"A MOM'S DEMENTIA" (Part 14 of 21)

Mom's entire life had been spent in the pursuit of unattainable daydreams: her bohemian 1960s, hedonistic ‘70s and oscillatory ‘80s, her sexual forays, substance abuse, her delusions of grandeur spanning nearly every wayward notion preoccupying her time. The reality, simply put: she was not some superstar, as she believed was her sovereign destiny, but rather, simply a survivor.

And, more than deny any such a statement, she would probably have agreed.

Whereas a few years prior to grandpa's death she weathered Gary's leaving her for another woman with what I can only describe as ‘exceptional adequacy', in hindsight, grandpa's death was equally, if not much more a significant catalyst in mom's psychological surrender.

Shortly after becoming homeless, the topic of Gary surfaced in our conversation. She uttered: "men are transient...Just like me now," and with that said her sobbing ceased. As an adult myself, I then watched mom systematically construct her own candid and lonely existence. Curiously, the farther into memory my grandfather's death retreated, the stronger and more intense my mother's grieving became. Years later it was as though he had died only yesterday. Was I callused for placing grandpa's death behind me, or had she obsessed and become consumed by it?

Maybe we both were wrong, perhaps neither of us was right; I just don't know.

One man's lunatic is another person's savior.

As she navigated across that slippery slope, somewhere halfway between madness and desperation in her own grieving, she maintained a stranglehold upon faith. Conversely, I distanced myself from faith, instead seeking transient comforts like sex and cigarettes and booze. Yeah, ‘love' had become just another four-letter-word, as equally offensive as any profane utterance of the common four-lettered variety.

Ironic that after he died, my mother and I retreated in completely opposite directions to cope with Grandpa's passing; she ran to faith and I ran away from it. Two separate pursuits resulting in the same conclusion: Isolation.

On my last visit to what was a once rather acceptable apartment in which I invested most of my pubescence, I returned some four or five years later; the married father of one, intrigued to finally present an infant son to his grandmother. However, I was completely unprepared for the condition into which mom had allowed that apartment to erode.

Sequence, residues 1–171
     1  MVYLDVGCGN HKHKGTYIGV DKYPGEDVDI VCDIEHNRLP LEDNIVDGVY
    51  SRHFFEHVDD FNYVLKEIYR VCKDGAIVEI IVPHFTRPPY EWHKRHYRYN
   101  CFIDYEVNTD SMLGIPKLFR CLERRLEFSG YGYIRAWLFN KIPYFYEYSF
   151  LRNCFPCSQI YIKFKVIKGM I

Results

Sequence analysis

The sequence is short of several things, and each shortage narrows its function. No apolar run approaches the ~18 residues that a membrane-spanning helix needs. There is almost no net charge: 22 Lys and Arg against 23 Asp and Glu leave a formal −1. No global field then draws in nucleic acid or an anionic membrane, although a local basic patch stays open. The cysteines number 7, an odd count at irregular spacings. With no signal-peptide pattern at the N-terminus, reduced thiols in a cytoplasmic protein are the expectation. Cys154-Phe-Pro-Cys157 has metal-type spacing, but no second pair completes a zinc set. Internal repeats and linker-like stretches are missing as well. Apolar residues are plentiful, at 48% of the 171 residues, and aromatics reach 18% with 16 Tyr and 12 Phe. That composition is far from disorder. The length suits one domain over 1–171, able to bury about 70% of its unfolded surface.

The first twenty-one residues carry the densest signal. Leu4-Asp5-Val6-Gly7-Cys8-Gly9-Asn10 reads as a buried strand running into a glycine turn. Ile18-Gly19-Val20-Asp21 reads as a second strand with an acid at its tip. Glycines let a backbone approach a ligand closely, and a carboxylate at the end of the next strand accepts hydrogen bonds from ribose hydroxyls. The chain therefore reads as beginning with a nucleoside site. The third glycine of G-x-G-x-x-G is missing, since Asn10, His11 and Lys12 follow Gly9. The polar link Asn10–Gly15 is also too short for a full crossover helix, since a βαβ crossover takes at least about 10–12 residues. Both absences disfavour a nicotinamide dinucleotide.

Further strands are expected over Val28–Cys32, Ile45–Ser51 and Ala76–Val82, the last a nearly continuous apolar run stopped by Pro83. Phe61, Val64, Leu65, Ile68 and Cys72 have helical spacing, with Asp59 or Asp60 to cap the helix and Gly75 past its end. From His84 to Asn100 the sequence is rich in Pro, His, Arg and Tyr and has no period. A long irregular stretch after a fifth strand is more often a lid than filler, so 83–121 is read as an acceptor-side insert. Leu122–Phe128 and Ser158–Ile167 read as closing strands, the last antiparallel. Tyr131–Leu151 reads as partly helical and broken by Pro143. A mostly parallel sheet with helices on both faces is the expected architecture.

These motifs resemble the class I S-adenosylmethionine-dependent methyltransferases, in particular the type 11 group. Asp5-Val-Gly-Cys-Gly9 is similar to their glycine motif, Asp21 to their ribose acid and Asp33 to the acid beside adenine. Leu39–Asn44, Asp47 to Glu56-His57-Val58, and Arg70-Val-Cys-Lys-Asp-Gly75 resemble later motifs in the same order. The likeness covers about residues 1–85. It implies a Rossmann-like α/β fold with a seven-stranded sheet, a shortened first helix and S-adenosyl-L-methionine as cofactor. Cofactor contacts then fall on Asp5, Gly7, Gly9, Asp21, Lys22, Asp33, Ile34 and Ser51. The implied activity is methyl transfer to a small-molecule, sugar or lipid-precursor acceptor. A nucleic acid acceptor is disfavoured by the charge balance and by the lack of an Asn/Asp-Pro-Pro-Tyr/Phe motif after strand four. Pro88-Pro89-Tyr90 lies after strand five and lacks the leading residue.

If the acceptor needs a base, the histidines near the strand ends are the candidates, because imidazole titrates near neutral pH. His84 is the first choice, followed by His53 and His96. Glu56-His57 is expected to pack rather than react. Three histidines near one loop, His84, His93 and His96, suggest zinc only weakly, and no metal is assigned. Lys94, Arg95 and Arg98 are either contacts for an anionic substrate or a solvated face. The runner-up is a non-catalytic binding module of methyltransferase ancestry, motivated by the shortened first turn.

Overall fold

Her eventual eviction was not unexpected; I simply chose not to hear what she'd been rambling on about for all the years I'd been away. Hearing is easy, yet, listening is early youth's acquired art, all too often resigned as maturity sets in.

By the time the slumlord finally said, "get out!" she was nearly two full years in arrears. In addition to her delinquent rent, the apartment had been completely decimated from neglect; thus deserving of the term ‘ghetto living.' After Gary left, and after I set off to marry a wife and ‘save the world,' in the military, mom was alone with her cats and her Christ. Anything remaining simply did not take much precedence.


I was disgusted.

Mom's cats had multiplied exponentially, defecating where they pleased. The ceiling, which once managed a small leak isolated above the washroom sink, had rotted away throughout most of the flat. I remember being surprised that the upstairs tenants had not come crashing through. With the electricity nixed several months previously, light radiated only from haphazardly strewn candles and a dull afternoon haze signifying that outside of mom's newspaper-covered-up windows, somewhere shined a sun and somewhere a true alternate universe existed. The refrigerator, useless without power, was being used to store dirty plates, trash, cat food and a few bags of forgotten recyclables. The stench of urine, feces, mold or rotting food, possibly all, was prominent, and completely freaked me out.

My final visit lasted a mere ten minutes, if even that. With my infant son in a chest harness against me, I retreated immediately through the very door behind which I had sought so much comfort, albeit fragile, throughout my rearing. Clenching my artfully beautiful son, I'd concluded abruptly, that I hadn't any past worthy of resurrection, that Teagan solely was my future, that my father was a stranger, that my mother was insane, and that I was essentially alone.

The others? Aside for Teagan, there were none; all else were pretty much expendable.

I wanted to be away from that place, away even from her as well, quickly. As I strode at a more than brisk pace, I could hear my mother's voice calling to me to come back, that I'd been away far too long, that she wanted to see her new grandson. The more she called out the faster my gait became, until I realized that I was nearly running full sprint, infant in my arms. About halfway back to the train station, I no longer could hear her voice calling out to me. But then again, yeah, hearing is easy...Listening is early youth's acquired art, all too often resigned as maturity sets in.